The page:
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The World Humanitarian Summit in May 2016 represented a turning point for the humanitarian business model. The summit gave the impetus to reflect seriously on how to operate in crisis environments where people’s needs can no longer be met by existing tools and operations. The humanitarian community took stock of the changing nature of crises in the world, and the growing inadequacy of the current humanitarian and development business models to operate in these contexts.

The summit was to be the starting point of a transformation to the existing model. Initiatives such as the Grand Bargain, an agreement between donors and operating agencies to improve the quality of the overall aid package, offer tangible ways to improve the effectiveness of the response in crisis contexts.

One way to measure the effectiveness of humanitarian assistance is to survey aid beneficiaries on what they think about the aid they get, and also to ask humanitarian providers in the field about their perception of the aid they provide. To achieve this, in 2016 the OECD partnered with Ground Truth Solutions, an organisation that specialises in getting feedback from affected populations in crisis contexts.

Six contexts were selected, presenting different types of crises. Haiti was recovering from Hurricane Matthew in 2016. Lebanon is a middle-income country that for more than seven years has been hosting the world’s biggest refugee population per capita. Iraq, Somalia and Afghanistan are all experiencing protracted crises of different kinds, but have both emergency and recovery needs for their displaced and resident populations. Uganda is a low-income country with its own development needs, and is hosting a large refugee population.

A first round of surveys was conducted in 2016 in these six countries. The survey used a questionnaire designed in consultation with the Grand Bargain facilitation group and developed to broadly follow the Grand Bargain structure. Two years after the World Humanitarian Summit, the OECD and Ground Truth Solutions conducted another round of surveys in the same countries, as well as in Bangladesh – a lower middle-income country that has been hosting a refugee population since 2017, and where the international humanitarian response still in the initial phase.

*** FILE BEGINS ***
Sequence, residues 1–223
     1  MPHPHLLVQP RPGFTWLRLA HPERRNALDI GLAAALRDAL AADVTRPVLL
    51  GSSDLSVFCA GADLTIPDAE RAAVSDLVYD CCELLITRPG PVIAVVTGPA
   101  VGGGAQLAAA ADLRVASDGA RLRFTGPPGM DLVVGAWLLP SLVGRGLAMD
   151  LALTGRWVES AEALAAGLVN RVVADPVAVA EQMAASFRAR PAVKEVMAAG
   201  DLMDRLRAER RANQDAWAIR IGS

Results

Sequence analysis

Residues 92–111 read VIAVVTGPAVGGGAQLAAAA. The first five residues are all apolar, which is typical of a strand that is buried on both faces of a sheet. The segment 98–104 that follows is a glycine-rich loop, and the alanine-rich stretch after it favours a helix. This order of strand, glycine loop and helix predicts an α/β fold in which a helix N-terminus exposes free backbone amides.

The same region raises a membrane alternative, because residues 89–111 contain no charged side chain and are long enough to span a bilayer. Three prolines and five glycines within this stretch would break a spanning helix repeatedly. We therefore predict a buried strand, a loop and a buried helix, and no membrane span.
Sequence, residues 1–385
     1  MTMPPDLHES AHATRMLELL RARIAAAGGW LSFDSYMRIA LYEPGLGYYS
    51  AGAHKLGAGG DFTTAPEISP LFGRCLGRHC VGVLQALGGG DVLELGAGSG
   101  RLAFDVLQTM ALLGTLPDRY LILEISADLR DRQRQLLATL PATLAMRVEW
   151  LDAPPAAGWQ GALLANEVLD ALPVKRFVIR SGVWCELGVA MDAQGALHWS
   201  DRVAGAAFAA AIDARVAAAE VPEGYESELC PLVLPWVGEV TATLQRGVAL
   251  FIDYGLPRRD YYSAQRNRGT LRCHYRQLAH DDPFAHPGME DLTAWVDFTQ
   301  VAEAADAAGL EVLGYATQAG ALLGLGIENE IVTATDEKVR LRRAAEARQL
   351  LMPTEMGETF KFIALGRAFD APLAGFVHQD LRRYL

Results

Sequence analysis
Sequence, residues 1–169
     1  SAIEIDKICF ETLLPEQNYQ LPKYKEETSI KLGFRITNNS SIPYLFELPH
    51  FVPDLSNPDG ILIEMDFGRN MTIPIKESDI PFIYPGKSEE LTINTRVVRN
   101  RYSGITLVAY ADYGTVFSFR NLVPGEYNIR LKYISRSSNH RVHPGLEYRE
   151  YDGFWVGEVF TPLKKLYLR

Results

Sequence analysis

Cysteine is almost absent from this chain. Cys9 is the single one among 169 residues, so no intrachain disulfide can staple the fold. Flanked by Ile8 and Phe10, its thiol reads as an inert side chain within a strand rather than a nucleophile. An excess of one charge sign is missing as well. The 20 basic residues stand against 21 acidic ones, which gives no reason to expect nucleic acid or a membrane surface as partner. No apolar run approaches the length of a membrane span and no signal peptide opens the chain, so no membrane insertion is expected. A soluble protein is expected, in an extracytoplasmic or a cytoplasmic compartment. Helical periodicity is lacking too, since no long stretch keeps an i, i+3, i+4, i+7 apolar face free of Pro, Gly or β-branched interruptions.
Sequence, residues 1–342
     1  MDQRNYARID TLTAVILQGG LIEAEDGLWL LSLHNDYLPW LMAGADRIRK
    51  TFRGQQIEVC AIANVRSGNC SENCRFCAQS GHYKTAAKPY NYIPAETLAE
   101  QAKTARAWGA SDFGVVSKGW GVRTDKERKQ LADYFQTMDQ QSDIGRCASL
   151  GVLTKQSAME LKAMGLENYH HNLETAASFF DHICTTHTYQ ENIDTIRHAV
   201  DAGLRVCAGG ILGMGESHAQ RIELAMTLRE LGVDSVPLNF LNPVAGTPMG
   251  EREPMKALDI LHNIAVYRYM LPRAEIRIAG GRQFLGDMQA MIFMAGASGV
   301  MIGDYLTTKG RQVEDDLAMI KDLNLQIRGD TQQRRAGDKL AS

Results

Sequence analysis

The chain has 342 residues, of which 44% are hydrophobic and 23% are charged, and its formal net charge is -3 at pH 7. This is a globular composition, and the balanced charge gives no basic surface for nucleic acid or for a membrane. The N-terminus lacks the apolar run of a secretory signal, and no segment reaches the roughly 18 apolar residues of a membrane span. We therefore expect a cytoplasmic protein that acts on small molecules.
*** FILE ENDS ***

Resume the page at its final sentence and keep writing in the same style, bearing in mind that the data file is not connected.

This three-year project, generously supported by Germany and the United Kingdom, creates a direct link between the most vulnerable people in the most fragile countries and Development Assistance Committee members, who represent the main source of funding for humanitarian responses. These surveys offer a unique source of knowledge and an opportunity to increase effectiveness so that donors’ investments bring better results for those who need most help in these complex situations. While the surveys show some positive trends and satisfaction rates, they also raise challenges. Based on the surveys’ findings and additional research, the project is a call to speed up efforts to change the way the international community responds to crises.

The OECD will continue to support better policies and better finance for people living in fragile and crisis contexts. This will include work to support changes to the current humanitarian business model.

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